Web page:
"It's display code," I explained, intent on showing that if sarcasm didn't work, straight-out honesty would at least bore him to tears. "What you see in front of you, on the screen, that's what's called memory-mapped. Every one of those pixels – yep, pixels, you can call them 'little dots' if you want – is represented by an address in memory. But, when I write to the display, I can only see 65,536 of those memory addresses at one." I saw him raise his eyebrows and begin to ask a question, but I continued. "The display, well, this one at least, is 640 pixels wide. Which, since that doesn't go into 65,536 exactly, means I have to do some clever fidgeting about to write some of the lines. Actually, I ask the display driver for what the screen geometry is and build myself some nice tables upfront, then, when I have to do anything with the screen, I just look everything up in the tables. It's very quick, on this machine, it takes something of the order of sixteen nanoseconds."

The question that had been eating him alive for the last couple of sentences of this explanation finally got to the surface. "Why 65,536? And how can you possibly remember that number?" "That, sir, is why I'm a code monkey, and you joined the Navy," I gleefully replied.

At that, he left my desk.

Feel like joining me? Have a go at writing either to this title, or one of your own, and list your entry in the comments. Have fun!
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About darlingman1970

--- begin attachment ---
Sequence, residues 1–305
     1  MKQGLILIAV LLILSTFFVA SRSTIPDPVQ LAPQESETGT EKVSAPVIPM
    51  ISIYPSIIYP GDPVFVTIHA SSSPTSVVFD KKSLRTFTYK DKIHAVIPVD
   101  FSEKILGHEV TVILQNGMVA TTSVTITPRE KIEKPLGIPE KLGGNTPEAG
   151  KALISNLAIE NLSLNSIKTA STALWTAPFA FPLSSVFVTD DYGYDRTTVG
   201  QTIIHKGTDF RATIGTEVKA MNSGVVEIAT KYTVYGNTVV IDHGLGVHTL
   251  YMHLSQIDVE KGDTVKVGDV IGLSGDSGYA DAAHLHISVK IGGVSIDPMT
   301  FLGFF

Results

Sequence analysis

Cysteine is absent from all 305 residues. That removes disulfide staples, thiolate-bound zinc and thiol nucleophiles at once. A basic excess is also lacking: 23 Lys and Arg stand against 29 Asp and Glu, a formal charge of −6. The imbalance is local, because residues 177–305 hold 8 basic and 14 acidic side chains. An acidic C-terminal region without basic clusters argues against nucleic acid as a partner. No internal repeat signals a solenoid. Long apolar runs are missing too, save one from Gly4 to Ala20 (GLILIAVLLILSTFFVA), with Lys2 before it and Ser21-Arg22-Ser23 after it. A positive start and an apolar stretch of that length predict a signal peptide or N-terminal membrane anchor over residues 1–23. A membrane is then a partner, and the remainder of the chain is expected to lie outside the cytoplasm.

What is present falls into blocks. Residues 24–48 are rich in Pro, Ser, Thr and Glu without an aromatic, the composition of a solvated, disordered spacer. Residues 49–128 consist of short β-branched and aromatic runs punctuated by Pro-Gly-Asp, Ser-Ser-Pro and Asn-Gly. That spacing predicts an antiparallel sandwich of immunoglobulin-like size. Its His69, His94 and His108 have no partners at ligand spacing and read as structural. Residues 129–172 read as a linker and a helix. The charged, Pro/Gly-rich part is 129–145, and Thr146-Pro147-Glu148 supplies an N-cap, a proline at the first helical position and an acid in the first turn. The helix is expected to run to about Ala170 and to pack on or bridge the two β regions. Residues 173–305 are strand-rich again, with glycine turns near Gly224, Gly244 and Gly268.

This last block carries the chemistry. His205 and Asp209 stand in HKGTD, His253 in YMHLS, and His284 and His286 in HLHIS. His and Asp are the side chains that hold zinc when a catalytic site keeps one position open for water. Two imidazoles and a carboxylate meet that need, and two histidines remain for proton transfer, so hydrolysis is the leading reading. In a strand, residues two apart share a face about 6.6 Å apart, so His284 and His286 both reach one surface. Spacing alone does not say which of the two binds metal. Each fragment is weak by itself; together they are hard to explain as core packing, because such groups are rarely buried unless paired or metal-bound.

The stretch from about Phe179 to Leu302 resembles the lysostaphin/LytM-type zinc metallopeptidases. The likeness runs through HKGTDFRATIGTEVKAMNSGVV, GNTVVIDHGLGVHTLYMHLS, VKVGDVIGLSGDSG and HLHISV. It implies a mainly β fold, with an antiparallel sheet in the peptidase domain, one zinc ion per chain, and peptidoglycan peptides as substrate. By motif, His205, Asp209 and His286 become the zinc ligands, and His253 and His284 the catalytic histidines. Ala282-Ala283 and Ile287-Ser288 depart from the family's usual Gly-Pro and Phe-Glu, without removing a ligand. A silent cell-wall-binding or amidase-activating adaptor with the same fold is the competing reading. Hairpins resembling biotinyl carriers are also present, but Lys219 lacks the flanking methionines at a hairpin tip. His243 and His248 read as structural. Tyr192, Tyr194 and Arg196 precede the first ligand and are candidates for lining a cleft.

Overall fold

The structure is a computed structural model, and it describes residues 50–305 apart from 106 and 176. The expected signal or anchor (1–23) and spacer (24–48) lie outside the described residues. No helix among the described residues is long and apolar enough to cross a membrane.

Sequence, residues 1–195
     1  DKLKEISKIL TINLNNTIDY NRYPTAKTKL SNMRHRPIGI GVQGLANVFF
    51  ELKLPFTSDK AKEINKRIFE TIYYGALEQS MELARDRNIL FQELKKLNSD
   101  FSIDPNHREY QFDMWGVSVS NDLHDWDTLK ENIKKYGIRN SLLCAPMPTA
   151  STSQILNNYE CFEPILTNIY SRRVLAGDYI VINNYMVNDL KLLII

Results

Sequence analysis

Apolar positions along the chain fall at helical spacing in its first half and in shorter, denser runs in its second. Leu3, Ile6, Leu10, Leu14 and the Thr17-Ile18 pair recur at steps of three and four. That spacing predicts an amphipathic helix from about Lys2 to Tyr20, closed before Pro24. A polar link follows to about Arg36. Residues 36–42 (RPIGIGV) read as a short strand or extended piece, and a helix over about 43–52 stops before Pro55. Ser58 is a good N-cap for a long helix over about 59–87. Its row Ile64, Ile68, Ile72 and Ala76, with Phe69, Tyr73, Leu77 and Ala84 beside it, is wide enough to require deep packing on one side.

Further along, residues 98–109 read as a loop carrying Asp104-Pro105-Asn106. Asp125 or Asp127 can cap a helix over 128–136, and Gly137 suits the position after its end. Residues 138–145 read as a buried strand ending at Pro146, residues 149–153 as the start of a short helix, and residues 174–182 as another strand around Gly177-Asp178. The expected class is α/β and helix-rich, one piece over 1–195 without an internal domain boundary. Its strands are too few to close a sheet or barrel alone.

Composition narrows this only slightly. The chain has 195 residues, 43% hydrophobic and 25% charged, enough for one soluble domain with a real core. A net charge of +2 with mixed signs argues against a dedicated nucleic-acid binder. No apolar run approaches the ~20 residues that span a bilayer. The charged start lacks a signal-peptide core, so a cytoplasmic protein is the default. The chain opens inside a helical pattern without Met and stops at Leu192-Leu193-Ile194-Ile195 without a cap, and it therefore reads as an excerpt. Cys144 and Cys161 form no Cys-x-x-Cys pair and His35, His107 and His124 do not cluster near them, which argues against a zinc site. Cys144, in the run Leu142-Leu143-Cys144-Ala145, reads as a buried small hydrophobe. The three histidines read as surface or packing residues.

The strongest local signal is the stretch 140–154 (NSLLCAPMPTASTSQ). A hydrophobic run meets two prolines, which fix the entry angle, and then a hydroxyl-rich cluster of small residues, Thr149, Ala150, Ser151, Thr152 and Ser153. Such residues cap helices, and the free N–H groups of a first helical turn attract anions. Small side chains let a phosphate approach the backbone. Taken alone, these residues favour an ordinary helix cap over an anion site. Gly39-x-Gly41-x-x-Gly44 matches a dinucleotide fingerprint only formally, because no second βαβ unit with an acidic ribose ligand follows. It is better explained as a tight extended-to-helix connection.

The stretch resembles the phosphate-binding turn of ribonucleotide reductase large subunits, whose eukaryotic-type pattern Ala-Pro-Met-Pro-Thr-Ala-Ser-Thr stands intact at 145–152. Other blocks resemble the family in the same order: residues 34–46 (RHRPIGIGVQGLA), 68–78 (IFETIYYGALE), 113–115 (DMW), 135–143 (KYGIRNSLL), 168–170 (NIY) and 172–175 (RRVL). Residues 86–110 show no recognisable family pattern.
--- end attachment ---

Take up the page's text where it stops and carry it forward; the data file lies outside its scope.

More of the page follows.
Born in the UK and a graduate in mathematics from Cambridge University, Chris Nash has followed a career in software engineering which he continued after moving the United States in 1996 and now brings him to California in 2010. However, Chris does not want to be considered as merely a code monkey, and has always been interested in writing; in areas as diverse as factual technical manuals all the way through to fiction. An avid reader, Chris is a fan particularly of mystery novels and enjoys above all the works of Agatha Christie and David Hewson. Chris has recently gone through some significant life changes which, at the moment, he is considering as the basis for a forthcoming novel and as food for thought on his blog. He manages to couple his loves of writing and technology and is particularly interested in how internet innovations have an impact on the writing and promotional process. Chris is a firm supporter of Creative Commons and other 'open' initiatives and believes strongly that such distribution mechanisms are the "right" way to handle intellectual property in an evolving digital world. Chris is a keen Nintendo DS and Wii player in his spare time, and is currently happily attached, living in the Central Coast area of California. Find him on Twitter as @darlingman1970. Don't ask him how old he is.